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The History of Basque Hardcover – December 24, 1996
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Having said that, it is not a book that everybody who is interested in things Basque may want to pick up and rummage through. Professor Trask is a linguist, i.e. a specialist in linguistics. Like all academic disciplines, linguistics has its own special technical terminology; at times, however, it can seem to the uninitiated that linguistics has more of its own jargon than any other academic field of endeavor except perhaps medicine. After the lengthy introduction of the book, which is actually an extremely interesting history of the language and the people who speak it, the book is very largely involved in the minutiae of linguistic analysis, and although Professor Trask does his best to keep the style lively, the fact is that unless you feel comfortable discussing phonotactic neutralization, the typical structure of iterative languages, the eccentricities of allocutivity or a host of other terms that are not apt to turn up in Webster's Collegiate, you may find the bulk of the book rather heavy sledding.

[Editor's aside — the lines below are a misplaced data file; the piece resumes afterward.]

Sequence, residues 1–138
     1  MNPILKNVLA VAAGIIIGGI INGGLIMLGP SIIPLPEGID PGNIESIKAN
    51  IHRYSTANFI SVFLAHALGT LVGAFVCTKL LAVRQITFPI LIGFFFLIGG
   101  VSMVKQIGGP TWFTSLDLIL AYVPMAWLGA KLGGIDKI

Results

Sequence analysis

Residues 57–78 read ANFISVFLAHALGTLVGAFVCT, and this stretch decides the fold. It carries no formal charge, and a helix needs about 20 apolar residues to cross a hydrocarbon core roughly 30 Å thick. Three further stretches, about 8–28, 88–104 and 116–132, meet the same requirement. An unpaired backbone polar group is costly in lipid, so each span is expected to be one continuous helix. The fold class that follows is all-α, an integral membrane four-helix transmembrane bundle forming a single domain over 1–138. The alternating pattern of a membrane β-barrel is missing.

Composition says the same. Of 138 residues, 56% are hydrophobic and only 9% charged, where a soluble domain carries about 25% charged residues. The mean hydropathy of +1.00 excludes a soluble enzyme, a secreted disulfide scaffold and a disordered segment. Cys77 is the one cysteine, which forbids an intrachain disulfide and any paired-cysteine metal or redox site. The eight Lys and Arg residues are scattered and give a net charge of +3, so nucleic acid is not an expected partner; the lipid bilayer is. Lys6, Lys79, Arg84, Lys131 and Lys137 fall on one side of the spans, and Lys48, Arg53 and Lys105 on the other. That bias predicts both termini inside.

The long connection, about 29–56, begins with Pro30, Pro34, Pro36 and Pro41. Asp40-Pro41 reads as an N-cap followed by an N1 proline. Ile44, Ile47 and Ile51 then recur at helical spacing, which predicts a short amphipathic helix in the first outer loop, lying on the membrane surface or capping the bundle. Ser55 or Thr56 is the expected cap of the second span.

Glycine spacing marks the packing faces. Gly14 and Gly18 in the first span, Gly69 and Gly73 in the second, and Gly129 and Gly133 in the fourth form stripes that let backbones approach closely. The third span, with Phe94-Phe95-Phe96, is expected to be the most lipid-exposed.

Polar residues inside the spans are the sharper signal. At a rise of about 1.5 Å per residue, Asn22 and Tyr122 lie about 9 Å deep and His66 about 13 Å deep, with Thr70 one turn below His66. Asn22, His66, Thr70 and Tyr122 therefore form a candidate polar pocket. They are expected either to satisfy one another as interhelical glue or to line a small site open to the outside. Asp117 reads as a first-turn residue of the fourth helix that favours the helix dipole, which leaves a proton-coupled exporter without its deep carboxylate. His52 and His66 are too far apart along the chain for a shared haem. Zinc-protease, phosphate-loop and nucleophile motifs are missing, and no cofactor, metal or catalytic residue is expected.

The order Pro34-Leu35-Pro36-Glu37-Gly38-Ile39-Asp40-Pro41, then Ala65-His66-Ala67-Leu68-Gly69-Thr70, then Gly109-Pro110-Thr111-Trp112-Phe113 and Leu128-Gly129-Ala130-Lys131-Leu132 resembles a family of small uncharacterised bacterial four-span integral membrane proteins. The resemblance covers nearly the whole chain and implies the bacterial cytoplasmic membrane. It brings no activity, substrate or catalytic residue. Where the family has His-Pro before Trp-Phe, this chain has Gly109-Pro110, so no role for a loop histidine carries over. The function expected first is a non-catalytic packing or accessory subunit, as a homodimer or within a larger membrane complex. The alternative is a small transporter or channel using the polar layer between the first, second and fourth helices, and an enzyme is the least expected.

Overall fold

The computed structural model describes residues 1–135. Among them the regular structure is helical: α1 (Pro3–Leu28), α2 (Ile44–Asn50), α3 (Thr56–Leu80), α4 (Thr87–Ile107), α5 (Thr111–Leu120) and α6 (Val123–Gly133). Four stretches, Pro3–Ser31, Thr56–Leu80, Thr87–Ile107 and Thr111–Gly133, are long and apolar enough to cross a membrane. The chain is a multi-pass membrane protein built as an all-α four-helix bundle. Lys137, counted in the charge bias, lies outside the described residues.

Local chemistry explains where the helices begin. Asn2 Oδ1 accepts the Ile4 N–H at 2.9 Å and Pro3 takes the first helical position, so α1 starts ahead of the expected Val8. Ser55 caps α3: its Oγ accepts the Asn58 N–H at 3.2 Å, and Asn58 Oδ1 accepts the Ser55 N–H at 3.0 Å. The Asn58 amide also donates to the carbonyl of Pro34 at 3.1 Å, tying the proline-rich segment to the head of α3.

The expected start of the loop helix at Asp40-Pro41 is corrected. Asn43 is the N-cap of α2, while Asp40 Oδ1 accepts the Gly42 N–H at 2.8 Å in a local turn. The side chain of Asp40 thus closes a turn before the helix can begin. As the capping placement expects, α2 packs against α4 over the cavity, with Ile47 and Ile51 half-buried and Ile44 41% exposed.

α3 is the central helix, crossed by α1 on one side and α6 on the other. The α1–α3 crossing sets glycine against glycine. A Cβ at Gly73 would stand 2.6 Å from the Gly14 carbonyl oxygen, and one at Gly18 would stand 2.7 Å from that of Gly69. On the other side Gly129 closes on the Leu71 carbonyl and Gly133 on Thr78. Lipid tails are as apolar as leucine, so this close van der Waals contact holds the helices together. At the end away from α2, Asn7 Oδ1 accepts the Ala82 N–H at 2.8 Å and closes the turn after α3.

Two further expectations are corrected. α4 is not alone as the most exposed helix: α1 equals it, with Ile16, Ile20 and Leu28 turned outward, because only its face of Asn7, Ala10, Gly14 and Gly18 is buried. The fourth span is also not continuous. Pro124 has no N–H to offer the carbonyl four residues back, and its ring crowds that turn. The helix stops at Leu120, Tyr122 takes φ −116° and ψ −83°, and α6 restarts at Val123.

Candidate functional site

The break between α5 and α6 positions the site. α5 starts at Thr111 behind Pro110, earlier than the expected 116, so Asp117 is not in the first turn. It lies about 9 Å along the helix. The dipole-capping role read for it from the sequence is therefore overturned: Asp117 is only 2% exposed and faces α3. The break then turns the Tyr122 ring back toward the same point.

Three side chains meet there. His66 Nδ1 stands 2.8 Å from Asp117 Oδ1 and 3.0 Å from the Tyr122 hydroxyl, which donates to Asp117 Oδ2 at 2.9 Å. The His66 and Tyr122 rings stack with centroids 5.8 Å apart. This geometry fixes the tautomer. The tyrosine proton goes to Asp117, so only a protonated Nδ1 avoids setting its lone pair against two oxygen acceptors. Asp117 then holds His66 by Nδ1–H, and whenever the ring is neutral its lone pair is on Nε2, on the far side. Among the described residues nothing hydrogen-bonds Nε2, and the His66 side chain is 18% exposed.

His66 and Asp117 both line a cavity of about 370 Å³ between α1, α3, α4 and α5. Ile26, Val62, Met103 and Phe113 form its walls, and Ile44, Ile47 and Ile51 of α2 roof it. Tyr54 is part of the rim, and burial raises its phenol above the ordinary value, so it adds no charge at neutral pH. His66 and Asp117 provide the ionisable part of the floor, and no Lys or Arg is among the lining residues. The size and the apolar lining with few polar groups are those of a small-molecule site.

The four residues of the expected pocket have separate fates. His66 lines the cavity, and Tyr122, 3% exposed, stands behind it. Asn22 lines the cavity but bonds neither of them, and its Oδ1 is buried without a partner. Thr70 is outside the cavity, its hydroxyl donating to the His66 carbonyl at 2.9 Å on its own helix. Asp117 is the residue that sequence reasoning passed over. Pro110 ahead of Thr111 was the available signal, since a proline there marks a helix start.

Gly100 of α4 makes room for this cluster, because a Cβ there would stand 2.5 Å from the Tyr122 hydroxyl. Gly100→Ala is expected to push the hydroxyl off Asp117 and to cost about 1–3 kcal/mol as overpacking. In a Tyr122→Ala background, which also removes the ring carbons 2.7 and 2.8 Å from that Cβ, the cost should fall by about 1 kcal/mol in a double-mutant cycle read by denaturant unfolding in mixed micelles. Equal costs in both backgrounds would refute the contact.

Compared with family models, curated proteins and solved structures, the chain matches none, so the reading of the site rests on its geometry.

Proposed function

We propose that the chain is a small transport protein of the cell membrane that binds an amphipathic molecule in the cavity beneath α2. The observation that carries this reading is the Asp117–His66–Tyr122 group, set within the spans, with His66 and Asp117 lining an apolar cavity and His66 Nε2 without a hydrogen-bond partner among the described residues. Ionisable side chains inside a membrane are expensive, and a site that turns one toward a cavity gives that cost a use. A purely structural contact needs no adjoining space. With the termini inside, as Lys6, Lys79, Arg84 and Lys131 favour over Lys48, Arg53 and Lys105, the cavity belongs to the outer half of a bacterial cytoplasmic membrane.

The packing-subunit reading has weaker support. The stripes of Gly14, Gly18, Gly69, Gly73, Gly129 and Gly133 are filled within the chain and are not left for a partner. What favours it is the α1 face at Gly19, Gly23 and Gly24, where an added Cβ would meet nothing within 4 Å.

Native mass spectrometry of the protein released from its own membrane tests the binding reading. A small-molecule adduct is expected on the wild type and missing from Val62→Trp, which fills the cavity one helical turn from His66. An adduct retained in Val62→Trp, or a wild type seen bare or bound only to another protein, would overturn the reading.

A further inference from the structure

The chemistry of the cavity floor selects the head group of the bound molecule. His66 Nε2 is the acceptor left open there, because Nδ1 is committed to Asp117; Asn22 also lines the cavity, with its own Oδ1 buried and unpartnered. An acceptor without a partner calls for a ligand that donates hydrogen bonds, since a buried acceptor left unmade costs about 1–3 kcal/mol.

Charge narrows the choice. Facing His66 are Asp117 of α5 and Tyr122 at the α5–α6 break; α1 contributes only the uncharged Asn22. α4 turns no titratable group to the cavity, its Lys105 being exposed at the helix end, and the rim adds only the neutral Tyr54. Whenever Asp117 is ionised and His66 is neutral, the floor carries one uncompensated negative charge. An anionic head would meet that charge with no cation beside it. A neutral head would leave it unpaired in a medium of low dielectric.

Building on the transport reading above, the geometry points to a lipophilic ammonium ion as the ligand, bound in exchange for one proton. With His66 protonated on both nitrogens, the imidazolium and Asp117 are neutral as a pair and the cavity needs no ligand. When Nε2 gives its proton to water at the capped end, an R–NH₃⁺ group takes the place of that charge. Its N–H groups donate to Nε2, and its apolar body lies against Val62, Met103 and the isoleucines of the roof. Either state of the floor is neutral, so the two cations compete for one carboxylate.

However, just about every reader will get something out of the last chapter of the book, which deals at considerable length with the ever-popular issue of whether Basque is related to any other language or group of languages. Professor Trask gets almost vitriolic in this section; to quote: "this vast body of work (i.e.Read more ›